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Loan Officer responsible for appraisal fee?

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Sooner Mike

Thread Starter
Freshman Member
Joined
Feb 10, 2002
Professional Status
Certified Residential Appraiser
State
Oklahoma
I took a check at the door payable to the lending institution. They were to hold this check untill closing. Thirty-some-odd days later I get the check in the mail, endorsed to me, and the homeowner has stopped payment.

I faxed the lender an invoice letting them know that the check was no good and the balance of the appraisal fee was still due. After another thirty-some-odd days (and a few other faxes), I get this phone call today:

"Our loan officers are responsible for appraisal fees on appraisals that they order. If the loan does not go through and the customer will not pay for the appraisal, then the loan officer is to pay."

Well, the loan officer is a friend of mine (no longer working there, of course), and I, of course, no longer do business with that particular lender.

If this is not the most insane thing that I have ever heard, then I do not know what is. I guess that I should have had "Joe Loanofficer" as the Client/Lender on the report, do you think that would have gotten past underwriting?

I have yet to file legal action on any client, or deadbeat homeowner, but I think my side of the story just might hold up in court.
 

David Mullen

Junior Member
Joined
Jan 17, 2002
I would take both of them to small claims court. A small claims advisor (attorney) told me once to name everyone involved because you don't want them "pointing at the empty chair".

I have them served by a Marshal rather than mail because it drives up the court costs that you can also recover from them (you will need to ask for them to be awarded).

I would also call my local District Attorney and ask if it is a crime to stop payment on a check to avoid paying an obligation. In some areas it is.

Also, in some areas (mine included) you can collect triple damages for a bad check (you must also ask for this).

See if your local small claims court has a free legal advisor. They can be very helpful and the whole process is very easy.

Oh yes, send "demand letters" to the homeowner and the lender prior to filing the action and give them a due date for payment.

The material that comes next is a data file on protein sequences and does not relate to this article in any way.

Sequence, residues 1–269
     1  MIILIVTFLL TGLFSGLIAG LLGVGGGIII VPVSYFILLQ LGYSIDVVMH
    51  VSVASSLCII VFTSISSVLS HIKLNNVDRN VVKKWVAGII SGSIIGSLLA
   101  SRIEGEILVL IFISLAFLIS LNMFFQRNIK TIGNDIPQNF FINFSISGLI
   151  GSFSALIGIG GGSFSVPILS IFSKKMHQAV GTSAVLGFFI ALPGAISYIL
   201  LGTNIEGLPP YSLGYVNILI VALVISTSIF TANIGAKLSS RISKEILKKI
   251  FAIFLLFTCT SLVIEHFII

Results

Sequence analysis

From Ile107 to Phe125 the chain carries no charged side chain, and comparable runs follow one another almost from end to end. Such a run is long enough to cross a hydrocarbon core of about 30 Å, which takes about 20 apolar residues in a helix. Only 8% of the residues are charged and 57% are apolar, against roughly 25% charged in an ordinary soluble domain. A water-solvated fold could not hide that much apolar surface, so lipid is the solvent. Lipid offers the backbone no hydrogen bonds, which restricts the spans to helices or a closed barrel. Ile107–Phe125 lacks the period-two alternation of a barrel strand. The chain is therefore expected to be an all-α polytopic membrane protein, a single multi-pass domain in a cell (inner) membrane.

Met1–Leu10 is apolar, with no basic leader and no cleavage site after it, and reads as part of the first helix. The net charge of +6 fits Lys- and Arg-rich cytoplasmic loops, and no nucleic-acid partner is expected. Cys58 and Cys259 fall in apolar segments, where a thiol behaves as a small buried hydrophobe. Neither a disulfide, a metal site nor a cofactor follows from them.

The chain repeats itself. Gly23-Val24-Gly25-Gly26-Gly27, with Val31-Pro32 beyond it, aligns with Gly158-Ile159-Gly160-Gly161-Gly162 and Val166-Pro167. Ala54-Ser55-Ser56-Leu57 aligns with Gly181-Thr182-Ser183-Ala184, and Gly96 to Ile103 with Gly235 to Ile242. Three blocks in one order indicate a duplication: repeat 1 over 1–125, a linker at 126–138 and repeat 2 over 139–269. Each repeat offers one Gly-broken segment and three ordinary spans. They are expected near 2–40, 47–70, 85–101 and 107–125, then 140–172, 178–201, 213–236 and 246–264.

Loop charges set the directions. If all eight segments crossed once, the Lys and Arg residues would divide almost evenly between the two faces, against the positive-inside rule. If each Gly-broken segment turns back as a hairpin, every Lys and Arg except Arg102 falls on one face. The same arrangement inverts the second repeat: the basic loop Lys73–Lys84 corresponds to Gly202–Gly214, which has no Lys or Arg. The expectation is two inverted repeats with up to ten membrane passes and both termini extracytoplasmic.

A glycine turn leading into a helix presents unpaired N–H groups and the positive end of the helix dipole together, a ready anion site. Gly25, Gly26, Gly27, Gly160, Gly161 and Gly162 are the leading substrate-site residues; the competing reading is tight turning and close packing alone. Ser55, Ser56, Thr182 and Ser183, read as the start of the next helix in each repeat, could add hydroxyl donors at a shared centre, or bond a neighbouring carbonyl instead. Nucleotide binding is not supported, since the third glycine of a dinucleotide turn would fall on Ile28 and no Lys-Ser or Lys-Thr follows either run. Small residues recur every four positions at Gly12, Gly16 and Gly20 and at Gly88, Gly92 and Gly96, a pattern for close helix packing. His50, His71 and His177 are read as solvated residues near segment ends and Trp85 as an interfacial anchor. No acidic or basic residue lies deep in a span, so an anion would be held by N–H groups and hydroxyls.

jtrotta

Senior Member
Joined
Jan 16, 2002
Sooooner Mike;
we'll just assume you have both the company name & the LO's name on the order form. If it does not spell out the terms of payment, we'll assume the typical responsibility.

hopefully you've retained a copy of the front and back of the check :?:

you may have 2 choices if you have copies of the check-will assume you do.

1-draw up a small claims form for an "attempt to defraud"

2-and wire & mail fraud - (interstate will depend on the company location) and file it thru an attorney with the court. (induces prompt payment)

Check with your attorney before submitting, so you are within your state law's rights. Obtain your attorney's fees up front & include them in the action. I do not pursue any action without an attorney's advice, as that is part of our business expenses.

Good Luck 8)
 

Jeff Horton

Senior Member
Joined
Jan 15, 2002
Professional Status
Certified Residential Appraiser
State
Alabama
My understanding and experience has been that if you have a order from the Lender requesting an appraisal the Court will assume the (the buisness) to be responsible for the fee unless the order (a contract I believe) states otherwise. i.e. Customer to pay at door.

If it is their policy that the Loan Officer is responsible then that is between them and the Loan Officer, not you!

Take them to Small Claims and let them explain to the Judge!
 

rtubbs

Junior Member
Joined
Jan 15, 2002
Sooner Mike

We all live and learn. I would never, never, and I mean never, take a check at the door made payable to the lender or to any other party. That's a sure fire sign that you aren't going to get paid.

I've probably had 5 calls this week for appraisals from out of town lenders. As soon as I tell them my policy is to collect at the door, they hang up (some not so politely). I look at it this way: would I rather loose the fee for 5 appraisals that I spent hours on or would I rather loose the fee for 5 appraisals that I didn't spend any time on? I always choose the latter.

Ron in Alabama
 
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